Related articles:

FDIC insurance fund is now broke, closes quarter $8.2 billion in debt

FDIC Insuring 8200 Banks with $9 Trillion in Deposits and ZERO in the Deposit Insurance Fund

If the FDIC runs out of money, then Timmy will surely help:

US National Debt Tops Debt Limit

Let’s see what happens if 500 (or even 1000) banks will fail in 2010:

Bank CEO: 1000 Banks to Fail In Next Two Years


bank-failure1

Dec. 19 (Bloomberg) — Seven U.S. banks were seized by regulators, bringing this year’s total of failed lenders to 140 as financial companies are tested by the recession and the Federal Deposit Insurance Corp. anticipates more shutdowns.

Banks with $14.4 billion in total assets were closed yesterday in six U.S. states, the FDIC said in statements on its Web site. The agency is overseeing the dissolution of banks at the fastest pace in 17 years.

Two of the closures were in California. The assets and deposits of Federal Bank of California in Santa Monica were bought by closely held OneWest Bank, which acquired IndyMac Federal Bank this year. Imperial Capital Bank was bought by City National Corp., the Beverly Hills-based parent of City National Bank, which expanded in Southern California with the purchase.

“Imperial Capital Bank is a very good fit for City National, given that eight of its nine locations are in communities we serve,” City National Chief Executive Officer Russell Goldsmith said in a statement. “We’re pleased to contribute to the increased stability of the banking system.”

Federal Bank was the biggest lender seized yesterday, with $6.1 billion of assets and $4.5 billion in deposits, according to the FDIC. Based in La Jolla, Imperial Capital had assets of $4 billion and $2.8 billion in deposits.

Earlier this week, the FDIC boosted its 2010 budget by 56 percent to $4 billion to manage further shutdowns. The total budget will increase from $2.6 billion and the set-aside for bank failures doubles to $2.5 billion over this year, according to a proposal approved by the FDIC board. The agency staff will increase to 8,653 next year from 7,010 this year.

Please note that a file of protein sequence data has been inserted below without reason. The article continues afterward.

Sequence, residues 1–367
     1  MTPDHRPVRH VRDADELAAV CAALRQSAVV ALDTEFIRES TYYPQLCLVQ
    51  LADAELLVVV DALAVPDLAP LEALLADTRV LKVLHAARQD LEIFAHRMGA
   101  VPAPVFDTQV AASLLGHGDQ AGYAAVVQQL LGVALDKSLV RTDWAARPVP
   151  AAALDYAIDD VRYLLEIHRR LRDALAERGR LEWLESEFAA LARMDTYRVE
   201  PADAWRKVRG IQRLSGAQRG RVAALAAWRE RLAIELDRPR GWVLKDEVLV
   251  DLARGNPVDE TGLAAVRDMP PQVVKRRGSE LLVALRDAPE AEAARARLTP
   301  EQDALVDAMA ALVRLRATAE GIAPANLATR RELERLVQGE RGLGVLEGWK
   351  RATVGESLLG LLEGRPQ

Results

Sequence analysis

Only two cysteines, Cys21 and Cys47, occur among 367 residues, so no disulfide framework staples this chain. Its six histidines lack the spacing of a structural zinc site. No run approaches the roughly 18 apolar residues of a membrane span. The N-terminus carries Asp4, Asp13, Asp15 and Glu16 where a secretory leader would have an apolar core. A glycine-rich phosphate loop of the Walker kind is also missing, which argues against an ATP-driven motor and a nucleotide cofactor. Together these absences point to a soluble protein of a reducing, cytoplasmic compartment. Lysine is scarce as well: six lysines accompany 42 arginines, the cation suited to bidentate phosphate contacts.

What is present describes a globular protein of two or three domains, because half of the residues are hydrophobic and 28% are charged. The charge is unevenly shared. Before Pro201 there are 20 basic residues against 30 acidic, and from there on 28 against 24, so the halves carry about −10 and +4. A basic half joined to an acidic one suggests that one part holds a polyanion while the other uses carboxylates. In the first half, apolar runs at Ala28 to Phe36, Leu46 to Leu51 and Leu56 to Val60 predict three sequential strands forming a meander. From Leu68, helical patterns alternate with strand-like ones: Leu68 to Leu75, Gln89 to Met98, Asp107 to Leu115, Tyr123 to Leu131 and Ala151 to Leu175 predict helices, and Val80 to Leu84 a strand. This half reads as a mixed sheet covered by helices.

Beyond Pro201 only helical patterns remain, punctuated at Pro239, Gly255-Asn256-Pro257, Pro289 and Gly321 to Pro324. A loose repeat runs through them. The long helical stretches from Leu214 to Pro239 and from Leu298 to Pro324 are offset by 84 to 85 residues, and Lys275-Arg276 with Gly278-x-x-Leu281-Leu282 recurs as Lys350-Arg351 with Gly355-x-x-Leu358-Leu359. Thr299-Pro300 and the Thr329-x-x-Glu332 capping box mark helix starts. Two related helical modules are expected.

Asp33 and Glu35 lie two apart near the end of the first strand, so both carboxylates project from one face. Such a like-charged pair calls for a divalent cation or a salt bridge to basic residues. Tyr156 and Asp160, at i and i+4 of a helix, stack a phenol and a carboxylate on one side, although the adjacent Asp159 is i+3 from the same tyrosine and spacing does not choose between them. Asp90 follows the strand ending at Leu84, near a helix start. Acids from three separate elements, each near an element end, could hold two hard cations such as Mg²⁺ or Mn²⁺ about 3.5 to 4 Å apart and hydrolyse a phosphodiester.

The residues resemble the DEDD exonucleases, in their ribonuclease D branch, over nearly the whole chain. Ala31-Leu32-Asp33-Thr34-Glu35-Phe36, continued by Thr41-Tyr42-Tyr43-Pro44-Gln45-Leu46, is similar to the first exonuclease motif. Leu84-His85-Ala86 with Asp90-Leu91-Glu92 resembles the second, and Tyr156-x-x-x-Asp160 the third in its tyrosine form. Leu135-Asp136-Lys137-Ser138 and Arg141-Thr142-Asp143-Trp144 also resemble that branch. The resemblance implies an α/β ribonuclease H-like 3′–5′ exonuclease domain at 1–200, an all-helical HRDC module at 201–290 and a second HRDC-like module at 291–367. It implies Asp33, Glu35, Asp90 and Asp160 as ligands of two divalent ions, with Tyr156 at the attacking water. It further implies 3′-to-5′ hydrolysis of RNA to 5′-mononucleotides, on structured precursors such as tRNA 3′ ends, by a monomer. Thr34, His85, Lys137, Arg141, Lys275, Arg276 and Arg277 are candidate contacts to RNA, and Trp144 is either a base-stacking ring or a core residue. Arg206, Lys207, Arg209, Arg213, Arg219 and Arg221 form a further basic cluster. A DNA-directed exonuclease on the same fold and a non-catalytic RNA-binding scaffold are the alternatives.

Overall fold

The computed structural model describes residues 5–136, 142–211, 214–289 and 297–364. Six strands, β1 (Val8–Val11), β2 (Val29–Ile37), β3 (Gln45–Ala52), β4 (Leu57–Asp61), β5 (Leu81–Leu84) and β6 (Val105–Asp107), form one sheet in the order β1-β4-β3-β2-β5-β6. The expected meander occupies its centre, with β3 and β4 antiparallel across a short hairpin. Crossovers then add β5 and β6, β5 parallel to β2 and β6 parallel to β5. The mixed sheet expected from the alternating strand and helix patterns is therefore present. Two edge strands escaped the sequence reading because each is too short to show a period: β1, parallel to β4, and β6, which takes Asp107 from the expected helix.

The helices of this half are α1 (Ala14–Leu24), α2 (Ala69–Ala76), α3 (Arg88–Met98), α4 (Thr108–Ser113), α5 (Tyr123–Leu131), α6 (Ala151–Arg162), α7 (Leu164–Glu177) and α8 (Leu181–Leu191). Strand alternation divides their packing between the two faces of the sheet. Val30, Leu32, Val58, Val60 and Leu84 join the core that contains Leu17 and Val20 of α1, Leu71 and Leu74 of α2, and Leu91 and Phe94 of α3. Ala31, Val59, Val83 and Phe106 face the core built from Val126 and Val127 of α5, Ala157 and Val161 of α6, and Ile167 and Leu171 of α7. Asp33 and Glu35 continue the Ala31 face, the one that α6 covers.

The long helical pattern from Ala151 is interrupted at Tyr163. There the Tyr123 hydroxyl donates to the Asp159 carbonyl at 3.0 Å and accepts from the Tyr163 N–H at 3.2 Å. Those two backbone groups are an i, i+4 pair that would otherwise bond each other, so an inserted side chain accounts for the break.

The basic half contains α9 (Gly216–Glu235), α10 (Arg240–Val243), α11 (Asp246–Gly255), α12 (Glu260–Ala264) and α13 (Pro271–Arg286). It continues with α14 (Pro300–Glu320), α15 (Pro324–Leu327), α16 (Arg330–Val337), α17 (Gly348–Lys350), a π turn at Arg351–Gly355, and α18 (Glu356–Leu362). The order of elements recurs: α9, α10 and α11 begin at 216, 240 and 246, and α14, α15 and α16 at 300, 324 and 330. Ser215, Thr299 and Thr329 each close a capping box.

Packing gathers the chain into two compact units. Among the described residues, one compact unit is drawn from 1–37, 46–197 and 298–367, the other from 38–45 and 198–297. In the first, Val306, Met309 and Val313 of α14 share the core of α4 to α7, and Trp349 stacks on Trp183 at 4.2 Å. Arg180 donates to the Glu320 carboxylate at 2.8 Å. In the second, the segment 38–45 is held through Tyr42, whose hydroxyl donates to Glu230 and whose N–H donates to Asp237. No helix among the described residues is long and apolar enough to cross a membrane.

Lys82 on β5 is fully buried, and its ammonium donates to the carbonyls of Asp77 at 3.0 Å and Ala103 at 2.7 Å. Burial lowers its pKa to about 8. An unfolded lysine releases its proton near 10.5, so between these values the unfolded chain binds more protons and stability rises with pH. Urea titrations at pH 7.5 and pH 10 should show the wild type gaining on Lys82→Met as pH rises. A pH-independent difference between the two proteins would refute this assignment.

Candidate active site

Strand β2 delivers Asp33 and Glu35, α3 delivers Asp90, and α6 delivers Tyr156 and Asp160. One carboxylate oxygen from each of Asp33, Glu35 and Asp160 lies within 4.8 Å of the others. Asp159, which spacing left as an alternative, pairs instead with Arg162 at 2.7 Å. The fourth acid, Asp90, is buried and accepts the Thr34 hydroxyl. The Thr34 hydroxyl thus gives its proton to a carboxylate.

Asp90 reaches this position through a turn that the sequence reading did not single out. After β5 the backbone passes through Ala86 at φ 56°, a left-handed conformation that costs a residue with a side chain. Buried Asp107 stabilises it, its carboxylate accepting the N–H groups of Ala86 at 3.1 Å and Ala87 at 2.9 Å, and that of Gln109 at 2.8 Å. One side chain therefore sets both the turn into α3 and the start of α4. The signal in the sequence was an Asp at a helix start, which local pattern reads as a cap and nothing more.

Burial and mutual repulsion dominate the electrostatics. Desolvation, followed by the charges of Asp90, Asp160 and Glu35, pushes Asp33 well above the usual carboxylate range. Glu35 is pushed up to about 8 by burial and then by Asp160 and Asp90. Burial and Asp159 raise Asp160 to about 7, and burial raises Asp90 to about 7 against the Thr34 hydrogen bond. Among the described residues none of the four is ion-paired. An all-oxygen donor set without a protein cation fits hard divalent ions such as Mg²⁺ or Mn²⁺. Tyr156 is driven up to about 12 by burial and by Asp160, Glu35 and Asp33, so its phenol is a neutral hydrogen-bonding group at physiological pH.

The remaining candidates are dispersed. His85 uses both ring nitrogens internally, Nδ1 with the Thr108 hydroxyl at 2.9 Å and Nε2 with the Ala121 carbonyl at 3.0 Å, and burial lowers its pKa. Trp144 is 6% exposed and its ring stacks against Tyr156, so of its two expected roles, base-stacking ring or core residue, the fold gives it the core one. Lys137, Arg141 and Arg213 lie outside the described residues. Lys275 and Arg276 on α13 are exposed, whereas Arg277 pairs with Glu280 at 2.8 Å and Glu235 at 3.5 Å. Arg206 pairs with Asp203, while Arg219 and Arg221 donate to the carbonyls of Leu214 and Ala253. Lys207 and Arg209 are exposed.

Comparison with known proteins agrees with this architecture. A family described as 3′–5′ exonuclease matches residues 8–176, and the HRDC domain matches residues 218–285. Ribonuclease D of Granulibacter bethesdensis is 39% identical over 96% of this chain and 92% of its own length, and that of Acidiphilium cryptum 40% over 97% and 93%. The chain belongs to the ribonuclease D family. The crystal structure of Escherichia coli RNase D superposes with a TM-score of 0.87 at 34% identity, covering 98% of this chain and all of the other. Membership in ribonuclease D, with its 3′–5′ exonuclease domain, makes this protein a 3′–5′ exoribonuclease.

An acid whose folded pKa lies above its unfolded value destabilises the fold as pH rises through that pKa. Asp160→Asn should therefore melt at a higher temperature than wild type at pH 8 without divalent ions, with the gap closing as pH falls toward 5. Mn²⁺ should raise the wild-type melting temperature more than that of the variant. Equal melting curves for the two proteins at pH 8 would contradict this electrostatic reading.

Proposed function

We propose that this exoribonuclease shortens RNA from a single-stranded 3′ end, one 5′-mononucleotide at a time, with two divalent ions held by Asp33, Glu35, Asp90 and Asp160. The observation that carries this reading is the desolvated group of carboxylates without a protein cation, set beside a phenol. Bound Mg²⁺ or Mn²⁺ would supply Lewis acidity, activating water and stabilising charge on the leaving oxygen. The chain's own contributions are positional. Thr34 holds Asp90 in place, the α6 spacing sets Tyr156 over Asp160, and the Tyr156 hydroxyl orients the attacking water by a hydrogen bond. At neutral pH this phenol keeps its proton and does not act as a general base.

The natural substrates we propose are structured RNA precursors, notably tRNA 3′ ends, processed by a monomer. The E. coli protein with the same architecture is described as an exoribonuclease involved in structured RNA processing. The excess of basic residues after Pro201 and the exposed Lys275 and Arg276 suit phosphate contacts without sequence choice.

‘Larger Number’ of Failures

The budget “will ensure that we are prepared to handle an ever-larger number of bank failures next year, if that becomes necessary,” FDIC Chairman Sheila Bair said in a statement. Yesterday’s bank closings will cost the agency about $1.8 billion, according to the FDIC statements.

Read moreFDIC Party: Seven US Banks Are Seized, Bank Failure Tally Reaches 140

FDIC seizes 3 more banks, US bank failure tally reaches 133

Related articles:
FDIC insurance fund is now broke, closes quarter $8.2 billion in debt
FDIC Insuring 8200 Banks with $9 Trillion in Deposits and ZERO in the Deposit Insurance Fund


Regulators close regional banks in Florida, Kansas and Arizona, at a cost of $252.1 million to the FDIC.

money-banks

NEW YORK (CNNMoney.com) — Regulators closed regional banks in three U.S. states Friday, bringing the total number of failed banks this year to 133, the Federal Deposit Insurance Corp. said.

Customers of the failed banks are protected. The FDIC, which has insured bank deposits since the Great Depression, currently covers accounts up to $250,000.

Read moreFDIC seizes 3 more banks, US bank failure tally reaches 133

Obama’s Big Sellout (Rolling Stone Magazine)

The president has packed his economic team with Wall Street insiders intent on turning the bailout into an all-out giveaway

elite-puppet-president-obama